Washington-Scott says Howell Park families were predominantly renters and are having a hard time finding housing now with rental properties in short supply after the flood.

"That's been the painful part of it," she says. "That's why we've been making it such a big deal for a school to be the haven, the safe house, the place where at least if you know your baby is here, they're fine until you figure out what you need to do as far as living arrangements go."

The living arrangement for nearly 100 East Baton Rouge Parish students means passing through a metal detector at the River Center downtown, the city's emergency shelter.

Sarita Fritzler with Save the Children says the situation takes a toll on kids.

"At first it might be exciting to be living in a shelter, to be meeting this new surrounding," Fritzler says. "But now we're seeing children who are just anxious. What's next? Where do we go next? They've seen people come and go, and they're still here."

For the three weeks that school was interrupted, Save the Children operated a space in the shelter for kids to play games and do arts and crafts — and have somebody to talk to. Now it serves as an after-school program.

Worker Patricia Duncan is at a table molding play dough with 11-year-old Talesha Coleman. In her first day back in class, Talesha says they wrote stories about what has happened since the flood: She wrote about living in the shelter.

Louella Coleman is the girl's grandmother.

"That's my little grandbaby. That's Talesha. And I tell her we just keep it positive," she says.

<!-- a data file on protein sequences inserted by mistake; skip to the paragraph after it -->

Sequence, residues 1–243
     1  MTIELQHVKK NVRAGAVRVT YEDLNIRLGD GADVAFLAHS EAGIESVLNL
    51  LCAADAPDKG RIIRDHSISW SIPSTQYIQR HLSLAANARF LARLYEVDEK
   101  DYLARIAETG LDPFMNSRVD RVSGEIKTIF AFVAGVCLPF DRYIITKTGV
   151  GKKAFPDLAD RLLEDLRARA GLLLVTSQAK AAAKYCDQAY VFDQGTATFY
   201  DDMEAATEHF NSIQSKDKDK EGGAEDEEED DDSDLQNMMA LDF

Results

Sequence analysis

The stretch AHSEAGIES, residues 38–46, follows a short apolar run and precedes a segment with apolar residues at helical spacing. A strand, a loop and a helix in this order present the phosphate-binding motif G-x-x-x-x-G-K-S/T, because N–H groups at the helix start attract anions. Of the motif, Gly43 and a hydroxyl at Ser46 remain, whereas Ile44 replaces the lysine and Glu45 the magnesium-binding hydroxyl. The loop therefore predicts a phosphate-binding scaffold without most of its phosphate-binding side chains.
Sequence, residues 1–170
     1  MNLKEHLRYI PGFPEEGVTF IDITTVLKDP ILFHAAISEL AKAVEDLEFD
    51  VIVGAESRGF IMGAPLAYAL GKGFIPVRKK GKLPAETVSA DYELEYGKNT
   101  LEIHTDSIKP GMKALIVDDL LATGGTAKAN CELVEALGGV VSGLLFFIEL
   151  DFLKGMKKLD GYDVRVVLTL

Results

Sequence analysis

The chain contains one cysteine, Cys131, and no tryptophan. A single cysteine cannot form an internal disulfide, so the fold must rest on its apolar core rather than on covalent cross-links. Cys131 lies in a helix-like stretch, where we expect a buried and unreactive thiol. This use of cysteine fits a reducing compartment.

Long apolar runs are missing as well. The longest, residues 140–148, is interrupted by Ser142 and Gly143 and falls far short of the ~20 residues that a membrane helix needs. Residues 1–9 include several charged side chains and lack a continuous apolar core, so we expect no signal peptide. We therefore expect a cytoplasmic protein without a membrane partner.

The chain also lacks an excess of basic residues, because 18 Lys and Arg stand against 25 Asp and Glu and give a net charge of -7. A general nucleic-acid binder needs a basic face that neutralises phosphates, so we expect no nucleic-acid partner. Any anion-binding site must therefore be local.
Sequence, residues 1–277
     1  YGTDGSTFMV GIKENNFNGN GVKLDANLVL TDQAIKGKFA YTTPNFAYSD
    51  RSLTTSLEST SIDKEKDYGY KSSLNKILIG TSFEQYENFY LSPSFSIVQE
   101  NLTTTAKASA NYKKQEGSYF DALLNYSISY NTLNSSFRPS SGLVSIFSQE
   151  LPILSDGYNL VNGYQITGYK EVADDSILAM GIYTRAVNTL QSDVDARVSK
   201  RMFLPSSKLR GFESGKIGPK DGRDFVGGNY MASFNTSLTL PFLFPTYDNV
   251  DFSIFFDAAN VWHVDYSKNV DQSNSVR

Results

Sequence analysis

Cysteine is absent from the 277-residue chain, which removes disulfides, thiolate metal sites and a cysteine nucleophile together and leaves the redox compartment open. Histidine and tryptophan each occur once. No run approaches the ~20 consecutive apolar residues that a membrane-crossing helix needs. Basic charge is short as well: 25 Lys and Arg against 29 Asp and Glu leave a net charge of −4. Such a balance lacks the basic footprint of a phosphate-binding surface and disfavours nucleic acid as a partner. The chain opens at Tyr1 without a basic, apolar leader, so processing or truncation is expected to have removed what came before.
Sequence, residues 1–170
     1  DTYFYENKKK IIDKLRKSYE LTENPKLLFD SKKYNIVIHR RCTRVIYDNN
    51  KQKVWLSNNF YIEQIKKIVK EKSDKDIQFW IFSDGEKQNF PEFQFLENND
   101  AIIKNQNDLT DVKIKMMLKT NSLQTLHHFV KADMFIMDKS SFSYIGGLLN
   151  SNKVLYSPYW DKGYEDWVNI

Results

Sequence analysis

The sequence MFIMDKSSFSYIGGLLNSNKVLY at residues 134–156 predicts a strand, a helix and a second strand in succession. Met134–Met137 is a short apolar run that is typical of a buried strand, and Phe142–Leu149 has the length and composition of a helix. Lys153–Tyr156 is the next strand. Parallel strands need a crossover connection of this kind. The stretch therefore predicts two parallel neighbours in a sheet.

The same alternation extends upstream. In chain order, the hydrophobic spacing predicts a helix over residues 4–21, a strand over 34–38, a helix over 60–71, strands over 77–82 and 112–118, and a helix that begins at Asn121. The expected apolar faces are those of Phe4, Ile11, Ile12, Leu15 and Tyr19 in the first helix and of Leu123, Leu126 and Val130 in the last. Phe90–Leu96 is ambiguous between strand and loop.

Coleman, who is raising Talesha and her 6-year-old sister, is disabled and uses a walker to get around the shelter. She has a bright scarf wrapped around her hair, and a wide, warm grin despite her predicament.

"I never let 'em take away my glory," she says. "I keep a smile on my face 24 hours no matter what."

The family has been living at River Center since Aug. 12, when her rental house was flooded and she lost everything.

"I've just gotten to a point where I just leave it in God's hands now," Coleman says. "That's all I can do."

She is glad to have the girls back in school; she calls herself a "diehard" for education.

But things are off to a rocky start because the first-graders' bus hasn't made it back to the shelter, and it's now after 6 p.m.

"She's not here yet," Coleman says. "For them to just have her sitting there at the bus terminal, it's frightening to me, because she's just 6. She's not used to that."

The aftermath of the flood means dealing with a lot that people aren't used to: The River Center shelter will be closing next week, and Coleman has yet to find a place to live.

Copyright 2022 NPR. To see more, visit https://www.npr.org.

NPR National Correspondent Debbie Elliott can be heard telling stories from her native South. She covers the latest news and politics, and is attuned to the region's rich culture and history.